Far more significant, in the long run at least, is that the game simply doesn’t seem to know what it is, and so the different aspects, the multiplayer fights, the slow methodical fighting game combat and the “war game” aspect, quickly begin to clash. Fighting one on one with an equally skilled opponent is a thrill, and the variety inherent in the game’s characters means developing different meta-dependent strategies to counter various character tactics something that’s required should you want to improve and win more.

By contrast, four-on-four team fights are at the whim of whoever scores the first kill. For Honor is clearly designed around one on one combat, its combat system is frankly not built for players to handle more than one target at a time and this quickly becomes clear. Deathmatches will frequently result in snowballing, with one team drawing that all important first blood and then proceeding to build on that advantage more and more as their fighters gang up on the remaining opponents.

There is the addition of a “revenge” mechanic, whereby a player that is typically outnumbered (it varies depending on the character) and taking damage will be able to enter a super-powered state temporarily and be endowed with a number of buffs. These typically include a damage boost, along with their attacks being uninterruptible or having greater knock-back for a limited time. However, this rarely acts as a sufficient table-turner. Two on one, or worse, three on one fights are miserable in For Honor. Granted, a better player can still come out on top in these encounters, but for the majority of players these moments are likely to be frustrating rather than challenging.

Dominion, the game’s area-control game mode, similarly suffers from maps that seem too large for fights that only encompass eight players at most. In most cases, the “right” thing to do in order to win is simply hold one of your controlled zones, as doing so provides you with a steady stream of points. This can typically mean twiddling your thumbs as there’s little odds of anyone coming and attacking you as the fighting takes place at the other end of the map. AI chaff will flood the battlefield to give the illusion of an epic battle taking place, but they’re nothing but a roadblock that your character can cleave through (doing so restores your health, giving you an incentive to sometimes attack them), with all the resistance of wet paper.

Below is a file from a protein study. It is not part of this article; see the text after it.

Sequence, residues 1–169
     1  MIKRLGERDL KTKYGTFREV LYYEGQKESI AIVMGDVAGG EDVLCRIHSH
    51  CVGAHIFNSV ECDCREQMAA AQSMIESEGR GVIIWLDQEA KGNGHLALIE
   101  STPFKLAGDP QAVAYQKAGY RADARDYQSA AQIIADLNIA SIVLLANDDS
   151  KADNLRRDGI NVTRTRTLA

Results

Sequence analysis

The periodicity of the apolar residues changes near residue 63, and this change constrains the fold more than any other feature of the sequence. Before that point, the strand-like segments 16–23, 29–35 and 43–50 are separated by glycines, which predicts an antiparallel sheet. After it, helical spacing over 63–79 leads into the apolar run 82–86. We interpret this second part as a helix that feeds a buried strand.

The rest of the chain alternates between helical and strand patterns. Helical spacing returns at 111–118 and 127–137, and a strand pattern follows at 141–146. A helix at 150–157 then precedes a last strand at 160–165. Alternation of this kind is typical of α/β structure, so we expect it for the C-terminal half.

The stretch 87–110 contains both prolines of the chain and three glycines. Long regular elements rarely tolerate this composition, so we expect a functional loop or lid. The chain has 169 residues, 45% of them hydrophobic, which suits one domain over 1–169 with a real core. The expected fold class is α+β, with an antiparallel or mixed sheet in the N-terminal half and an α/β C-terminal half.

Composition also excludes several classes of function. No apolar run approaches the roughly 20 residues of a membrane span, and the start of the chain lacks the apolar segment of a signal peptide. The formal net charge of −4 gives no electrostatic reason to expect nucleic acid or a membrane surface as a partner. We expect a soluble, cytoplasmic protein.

This leaves the game’s single player, which, much like Titanfall 2, is essentially an extended tutorial for the meat that is the multiplayer experience. There’s a story, sure, full of shouting, hokey dialogue and silly characters, but it never bothers to have fun with its daft premise.

The biggest issue here, however, is that Ubisoft have saw fit to require the game to always be online, even for the game’s single player content. The answer of course would be that the game is focused on multiplayer so that shouldn’t be too much of issue, but by sneaking the “always on” element into a game like this they risk setting a precedent for their other games. Marketing decisions like this need to be called out, wherever they rear their ugly head, and it seems Ubisoft have continued to fail to learn their lesson since Assassin’s Creed 2’s infamous PC launch.

For Honor is a weird game of contradictions. It’s a brave move from a publisher that has been the worst offender when it comes to churning out games that suffer from carbon-copy mechanics and boring annualized rehashes. Yet, it also suffers from a contradictory set of game design elements that see the best parts, primarily the core fighting mechanics and duelling, get smothered by an unbalanced and technically underwhelming online matchmaking system, and game modes which don’t real gel with what makes the game good in the first place.

As a concept, For Honor has potential. It’s a new idea for crying out loud, that alone makes it somewhat interesting. As an experience at the moment however, it’s frustrating and often-times underwhelming. Depth alone doesn’t solve many of the games flaws and it’s hard to shake the fact that the game as a whole doesn’t quite know who to target, be it fighting game fans, or multiplayer fans. Should Ubisoft work hard to iron out the game’s significant and myriad flaws this might be a game worth taking note of. In its current incarnation however, it’s an underwhelming and in many cases, unbalanced mess of a game.


Post a Comment